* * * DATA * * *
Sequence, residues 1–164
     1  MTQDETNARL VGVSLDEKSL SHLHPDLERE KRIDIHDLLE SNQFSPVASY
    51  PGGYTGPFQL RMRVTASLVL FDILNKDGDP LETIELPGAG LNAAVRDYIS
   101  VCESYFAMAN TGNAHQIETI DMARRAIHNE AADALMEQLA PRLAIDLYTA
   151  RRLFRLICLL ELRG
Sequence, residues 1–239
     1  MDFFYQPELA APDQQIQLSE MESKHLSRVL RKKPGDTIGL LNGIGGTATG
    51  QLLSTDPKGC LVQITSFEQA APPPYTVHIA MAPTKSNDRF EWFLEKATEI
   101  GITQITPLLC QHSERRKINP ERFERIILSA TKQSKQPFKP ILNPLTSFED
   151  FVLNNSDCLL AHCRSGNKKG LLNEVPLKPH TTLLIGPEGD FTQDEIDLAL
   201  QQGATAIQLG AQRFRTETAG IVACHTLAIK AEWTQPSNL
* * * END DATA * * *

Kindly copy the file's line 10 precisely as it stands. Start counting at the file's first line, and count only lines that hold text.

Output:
   151  FVLNNSDCLL AHCRSGNKKG LLNEVPLKPH TTLLIGPEGD FTQDEIDLAL